A Matter of Course: Legal Environment of Business

By Jazmin Guzman, '16  |  Photo courtesy of Astrid Schmidt-King

A Matter of Course offers a snapshot of a current University class.

Taught by Astrid Schmidt-King, J.D., LL.M., visiting affiliate assistant professor of law and social responsibility, Legal Environment of Business examines the legal environment of business activity.

The course teaches students to explain basic legal terms; articulate legal rights and requirements in the managerial setting; identify how a particular legal issue fits into the legal system and how law develops and changes; and discuss managing an organization’s legal matters, including ethical use of the law.

What are the objectives of the course?

As future professionals, it is essential that students develop critical thinking, reasoning, and analytical skills—these are skills that students will need regardless of the career path chosen.

In developing their appreciation for the relationship between law and business, upon completion of the class, students should have a solid understanding of the structure of the U.S. legal system and the creation, evolution, and application of law.

It is my hope that students are able to recognize legal and ethical issues in a given situation, identify relevant laws, and understand the purpose, intent, and application of the law.

What is one of the topics you discuss in class?

Throughout the semester, we cover over a dozen legal subject areas!

One of the key questions we explore when looking at corporations is, “Are corporations considered a ‘person’ for purposes under the law?” We do not often think about corporations having some of the rights afforded to a ‘natural person,’ but in the past five years we have seen some key Supreme Court decisions (namely Hobby Lobby and Citizens United) grapple with this question and the delicate balance between constitutional rights and civil liberties.

This topic challenges us to perhaps take a step back, think about what this means, what the greater impact is on society, and how this influences the development and interpretation of laws.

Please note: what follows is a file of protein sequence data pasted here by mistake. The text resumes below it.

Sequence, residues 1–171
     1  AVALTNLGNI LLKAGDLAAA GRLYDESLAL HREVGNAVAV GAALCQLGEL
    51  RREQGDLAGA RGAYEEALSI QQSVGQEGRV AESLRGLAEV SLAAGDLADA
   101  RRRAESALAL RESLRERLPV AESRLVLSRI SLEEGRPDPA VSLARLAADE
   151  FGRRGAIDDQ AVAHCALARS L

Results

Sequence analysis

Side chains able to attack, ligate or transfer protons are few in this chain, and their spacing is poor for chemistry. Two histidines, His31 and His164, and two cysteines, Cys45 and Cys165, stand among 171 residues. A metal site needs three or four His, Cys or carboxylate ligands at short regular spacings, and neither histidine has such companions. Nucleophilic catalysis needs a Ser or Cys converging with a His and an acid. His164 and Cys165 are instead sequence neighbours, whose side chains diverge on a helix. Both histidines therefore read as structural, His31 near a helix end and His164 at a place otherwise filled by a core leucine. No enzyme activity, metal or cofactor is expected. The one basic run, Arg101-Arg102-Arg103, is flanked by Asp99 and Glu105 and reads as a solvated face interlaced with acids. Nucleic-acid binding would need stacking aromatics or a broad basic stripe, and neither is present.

Is there a service-learning component, extracurricular involvement, or another unusual aspect of the course?

Although the class does not incorporate these components specifically, I have intentionally tried to incorporate course work that challenges students’ perspectives and cultural outlook. By watching a video lecture regarding (de)globalization and writing a reflection essay, students examined the impact of a country’s history and culture on business practices. I think it is so important to gain perspective, understanding, and empathy in the larger global context.

In addition, students were given the opportunity to read “A Jesuit Educational Challenge to Shareholders Primacy” and write a critical analysis regarding the intersection and relationship between Jesuit values and teaching and the business profession and environment. While it is not service per se, I do think that these two components bring our mission into the classroom, which I believe is an integral part of the Loyola experience.

What do you hope your students will take from your class?

First, I hope that by being intellectually supported and challenged they learn how to analyze questions, think critically, and examine situations from various perspectives. Second, I hope they gain an understanding of the different substantive areas of law that impact and influence the business environment. Finally, I hope they take away an appreciation for their holistic development that will serve them well in their personal and professional development. While this course is law heavy, during the semester students complete three assignments structured to this end. The first assignment focuses on the importance of developing soft skills for professional development and personal success; the second explores the ways that the Jesuit mission intersects with business; and the third assignment examines the importance of globalization and how it impacts the interconnected world economy.

While gaining substantive knowledge about the legal environment in which business operates, developing critical thinking and analysis and an appreciation for soft skills, and valuing the bigger picture as it relates to mission and a global worldview are important ‘takeaways,’ I would like to add one more overarching hope.

As a teacher, I genuinely care about my students beyond the classroom setting and well after the semester concludes. This was one of the reasons I offered a professional development resume and cover letter workshop for my students, to demonstrate my commitment to their growth and development.

What is different about teaching at Loyola and at a Jesuit institution?

The former institution that I worked for was also mission driven and, although I myself did not graduate from college or a graduate program that is mission based, over time I have discovered that this is very important to me. I love working at an institution like Loyola whose mission informs its vision. It is this foundation that allows for an education that is greater than the buildings and the curriculum. I also find Ignatian principles grounding and centering. While these principles have always been timeless, I find that they are of particular relevance and incredibly instructive in this ever busy and interconnected world.

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